New High Fliers is out.
At this point I ought to do the usual disclaimer about the sample. The survey covers the Times Top 100 employers only, and is heavily weighted towards London (84% of the sample are hiring there) and the finance industry (over 40% of the jobs covered are in the industry).
To give a bit of perspective, last year, 20% of graduates started work in London and somewhere around 6 or 7% of graduates went to work in the finance industry (it's not easy to be precise with SIC codes).
The Press have covered the basics in their idiosyncratic fashion - the jobs market is getting worse! No! It's getting better!
Actually, if one strove for accuracy, Lord Leveson, an impartial piece on this report would probably read something like 'A survey of a part of the graduate jobs market found that last year was slightly more difficult than 2011, but that the employers surveyed currently expect 2013 to be a little better. All that may change, of course'. But that makes jolly dull headlines.
The report is free, so there's no excuse not to read it because there are a number of very interesting sections. The most significant part is the continuing story of how important work experience is for this group of employers. With the exception of investment banking and oil and gas, all sectors covered upped their numbers of work experience places, and in law and investment banking, the majority of graduates getting jobs last year with surveyed organisations had already worked there.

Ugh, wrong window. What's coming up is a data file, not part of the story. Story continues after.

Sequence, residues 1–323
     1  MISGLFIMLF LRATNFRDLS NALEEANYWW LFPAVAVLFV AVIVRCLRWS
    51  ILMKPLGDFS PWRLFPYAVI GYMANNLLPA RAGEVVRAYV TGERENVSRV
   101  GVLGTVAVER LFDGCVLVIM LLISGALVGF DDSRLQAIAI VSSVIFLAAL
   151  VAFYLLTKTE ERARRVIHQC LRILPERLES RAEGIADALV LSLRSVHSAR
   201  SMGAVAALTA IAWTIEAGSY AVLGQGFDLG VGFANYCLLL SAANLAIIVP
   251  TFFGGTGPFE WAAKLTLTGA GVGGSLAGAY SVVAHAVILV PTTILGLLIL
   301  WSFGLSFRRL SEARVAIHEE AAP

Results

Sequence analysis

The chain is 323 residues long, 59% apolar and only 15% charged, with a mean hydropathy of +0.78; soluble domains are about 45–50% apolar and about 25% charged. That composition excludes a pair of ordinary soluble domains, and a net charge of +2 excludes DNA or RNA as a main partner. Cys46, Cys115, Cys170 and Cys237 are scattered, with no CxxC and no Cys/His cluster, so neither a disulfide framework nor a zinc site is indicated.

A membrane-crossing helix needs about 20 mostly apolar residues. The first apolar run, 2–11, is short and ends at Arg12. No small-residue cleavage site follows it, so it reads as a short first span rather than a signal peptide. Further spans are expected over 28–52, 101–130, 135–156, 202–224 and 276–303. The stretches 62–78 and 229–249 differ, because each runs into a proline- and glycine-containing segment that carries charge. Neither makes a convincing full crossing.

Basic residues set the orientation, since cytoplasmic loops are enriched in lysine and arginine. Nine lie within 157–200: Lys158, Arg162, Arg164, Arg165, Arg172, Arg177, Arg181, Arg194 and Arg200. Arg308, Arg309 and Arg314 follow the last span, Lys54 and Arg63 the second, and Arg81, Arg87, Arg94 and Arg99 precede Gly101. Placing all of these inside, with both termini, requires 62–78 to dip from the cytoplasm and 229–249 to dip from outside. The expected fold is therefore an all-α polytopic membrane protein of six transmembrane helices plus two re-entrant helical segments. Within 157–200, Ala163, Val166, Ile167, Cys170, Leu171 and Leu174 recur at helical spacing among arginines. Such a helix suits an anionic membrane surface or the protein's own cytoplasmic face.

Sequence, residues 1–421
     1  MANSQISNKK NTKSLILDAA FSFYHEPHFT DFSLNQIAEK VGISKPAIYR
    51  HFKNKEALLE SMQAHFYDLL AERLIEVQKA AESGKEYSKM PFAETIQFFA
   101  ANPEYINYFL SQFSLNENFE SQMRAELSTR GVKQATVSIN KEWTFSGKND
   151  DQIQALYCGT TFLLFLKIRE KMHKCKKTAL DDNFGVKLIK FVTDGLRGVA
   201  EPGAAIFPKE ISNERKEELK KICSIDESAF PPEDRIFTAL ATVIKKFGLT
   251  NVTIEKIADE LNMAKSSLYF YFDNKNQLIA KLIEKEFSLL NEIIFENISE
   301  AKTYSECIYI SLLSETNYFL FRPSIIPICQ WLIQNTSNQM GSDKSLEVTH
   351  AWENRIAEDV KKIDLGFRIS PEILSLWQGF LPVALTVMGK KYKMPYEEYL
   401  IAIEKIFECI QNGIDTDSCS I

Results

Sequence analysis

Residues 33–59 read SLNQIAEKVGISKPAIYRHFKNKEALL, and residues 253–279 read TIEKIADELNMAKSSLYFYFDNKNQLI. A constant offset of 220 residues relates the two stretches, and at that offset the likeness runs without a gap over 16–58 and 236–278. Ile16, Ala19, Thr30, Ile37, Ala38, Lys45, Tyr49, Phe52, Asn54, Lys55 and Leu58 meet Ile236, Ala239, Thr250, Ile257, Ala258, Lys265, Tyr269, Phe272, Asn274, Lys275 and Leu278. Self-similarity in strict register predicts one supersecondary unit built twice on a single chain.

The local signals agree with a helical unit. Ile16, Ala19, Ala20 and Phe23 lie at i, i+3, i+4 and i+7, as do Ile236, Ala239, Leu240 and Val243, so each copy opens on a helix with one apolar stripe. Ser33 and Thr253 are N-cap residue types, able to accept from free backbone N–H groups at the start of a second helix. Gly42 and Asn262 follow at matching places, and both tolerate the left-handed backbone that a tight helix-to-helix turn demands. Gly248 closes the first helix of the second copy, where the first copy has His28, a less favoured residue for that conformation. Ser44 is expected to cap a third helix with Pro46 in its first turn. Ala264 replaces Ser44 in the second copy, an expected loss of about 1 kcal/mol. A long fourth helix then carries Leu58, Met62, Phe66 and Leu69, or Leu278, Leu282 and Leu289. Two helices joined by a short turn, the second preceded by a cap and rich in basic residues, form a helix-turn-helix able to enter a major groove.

added at 15:05: even so, 44% of employers in the sample stated that they would be 'quite' or 'very' likely to offer a job to a graduate with no work experience at all
Most of the companies surveyed are offering structured work experience placements as part of a degree course, and it's plain that for some companies, the decision to work for them is best made when you apply for your course and not in your final year.
Overall, don't mistake this for a comprehensive look at the whole graduate jobs market, and so don't draw too many conclusions about the whole market from it (although it does envisage little change), but it works well as an examination of a small but sought-after slice of some of the best-paying employers and particularly the ways they recruit.
piece updated at 15:05 to correct a typo and to add another piece of data.